You should be implementing some sort of poker strategy to help you meet your goals, rather than just reacting to everything as it happens. Also, how you play in a live poker tournament should be very different from how you might play in cash games. Consider the following:
- In a tournament, it’s all about surviving into the final stages. Chips you win are worth less than chips you lose. This thought should form your early-stage strategy.
- You’ll need to understand the stages of a poker tournament and play according to which one you’re in. At the start, you should play conservatively. In the middle, you should play to build your bankroll. And in the final stages, you should play to win.
- Your strategy should also be based on how you stand in relation to other players at the table. You should play differently against the guy who’s down to his last few chips than you should against the lady with a mountain of high-value chips in front of her. You’ll also want to build a profile in your head of how your opponents have been playing and take that into consideration. This is the psychology element of poker, which in my opinion is one of the most fun things about the game.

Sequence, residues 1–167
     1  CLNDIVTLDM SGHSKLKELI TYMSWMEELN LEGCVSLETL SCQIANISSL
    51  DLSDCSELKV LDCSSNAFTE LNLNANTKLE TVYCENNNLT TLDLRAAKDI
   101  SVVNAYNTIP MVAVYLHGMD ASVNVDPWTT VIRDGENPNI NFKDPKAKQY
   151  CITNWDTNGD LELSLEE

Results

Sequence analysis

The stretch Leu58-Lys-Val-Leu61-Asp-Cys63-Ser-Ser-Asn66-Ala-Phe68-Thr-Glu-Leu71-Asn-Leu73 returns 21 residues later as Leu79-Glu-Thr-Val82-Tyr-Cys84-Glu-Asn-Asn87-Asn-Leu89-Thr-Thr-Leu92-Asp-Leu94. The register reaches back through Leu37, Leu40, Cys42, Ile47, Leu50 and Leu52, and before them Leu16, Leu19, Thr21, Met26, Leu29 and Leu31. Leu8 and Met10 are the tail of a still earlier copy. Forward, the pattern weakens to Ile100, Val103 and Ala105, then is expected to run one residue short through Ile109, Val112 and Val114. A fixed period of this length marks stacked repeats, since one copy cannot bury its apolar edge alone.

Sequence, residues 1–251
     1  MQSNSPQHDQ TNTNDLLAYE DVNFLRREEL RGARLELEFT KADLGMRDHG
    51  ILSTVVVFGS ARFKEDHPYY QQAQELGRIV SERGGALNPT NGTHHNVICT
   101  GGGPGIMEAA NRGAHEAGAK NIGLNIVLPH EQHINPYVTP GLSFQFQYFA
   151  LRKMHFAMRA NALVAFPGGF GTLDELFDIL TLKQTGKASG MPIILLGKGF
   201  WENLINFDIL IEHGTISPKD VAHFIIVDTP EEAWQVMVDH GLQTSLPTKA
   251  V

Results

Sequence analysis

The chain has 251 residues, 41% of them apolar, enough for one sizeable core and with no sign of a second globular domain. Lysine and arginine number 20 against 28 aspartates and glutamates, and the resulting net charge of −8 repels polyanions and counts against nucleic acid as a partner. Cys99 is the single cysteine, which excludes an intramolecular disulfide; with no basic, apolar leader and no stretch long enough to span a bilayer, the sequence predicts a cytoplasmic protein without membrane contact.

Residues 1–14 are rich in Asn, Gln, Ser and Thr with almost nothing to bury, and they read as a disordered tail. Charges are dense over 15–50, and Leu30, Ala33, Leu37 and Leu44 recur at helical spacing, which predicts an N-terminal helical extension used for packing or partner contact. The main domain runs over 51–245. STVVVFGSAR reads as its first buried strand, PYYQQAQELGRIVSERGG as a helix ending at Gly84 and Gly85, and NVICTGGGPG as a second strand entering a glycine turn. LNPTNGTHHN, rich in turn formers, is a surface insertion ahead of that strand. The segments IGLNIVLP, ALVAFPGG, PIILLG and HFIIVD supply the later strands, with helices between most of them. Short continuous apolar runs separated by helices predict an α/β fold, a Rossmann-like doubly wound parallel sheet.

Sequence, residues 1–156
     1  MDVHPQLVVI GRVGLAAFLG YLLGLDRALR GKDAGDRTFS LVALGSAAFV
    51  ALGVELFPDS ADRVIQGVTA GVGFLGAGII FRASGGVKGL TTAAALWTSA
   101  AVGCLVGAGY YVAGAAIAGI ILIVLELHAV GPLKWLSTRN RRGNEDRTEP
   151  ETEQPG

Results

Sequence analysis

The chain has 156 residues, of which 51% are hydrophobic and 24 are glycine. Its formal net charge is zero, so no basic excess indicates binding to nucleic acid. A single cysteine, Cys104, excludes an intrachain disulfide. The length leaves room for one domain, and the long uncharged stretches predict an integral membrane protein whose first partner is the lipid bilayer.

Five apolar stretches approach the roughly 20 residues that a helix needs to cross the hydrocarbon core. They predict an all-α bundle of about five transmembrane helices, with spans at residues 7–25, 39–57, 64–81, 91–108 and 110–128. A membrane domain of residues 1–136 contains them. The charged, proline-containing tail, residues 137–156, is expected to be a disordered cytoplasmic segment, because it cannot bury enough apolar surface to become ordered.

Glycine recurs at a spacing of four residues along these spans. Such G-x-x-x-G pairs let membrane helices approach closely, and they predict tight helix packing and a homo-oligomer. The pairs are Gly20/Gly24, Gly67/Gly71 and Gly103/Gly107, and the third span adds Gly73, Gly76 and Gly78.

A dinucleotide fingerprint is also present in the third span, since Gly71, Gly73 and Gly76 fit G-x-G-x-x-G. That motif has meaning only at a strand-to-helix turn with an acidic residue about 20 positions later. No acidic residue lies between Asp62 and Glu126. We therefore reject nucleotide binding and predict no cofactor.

Think about what you want out of this tournament. Are you happy to take a risk and crash out in order to learn? Or are you there to make it to the bubble at all costs? Know this and form a plan to get there. Fail to plan, plan to fail.
5. Brush up by Playing Online First
Like all things, practice makes perfect in poker. The more you play, the greater your skill will become, and the better your chances of winning.
It’s likely that most of the people you’ll be playing against play poker online regularly, except maybe the old timers, so you don’t want to be sitting idly while they are getting better every day.
Playing online poker has several advantages which will help make your first live tournament a hit:
- You can play with bonus money, meaning that you can afford to take greater risks. If you lose, it’s not that big of a deal if some of the money was given to you by the house. You’ll file that lesson away and ultimately be a better player for it.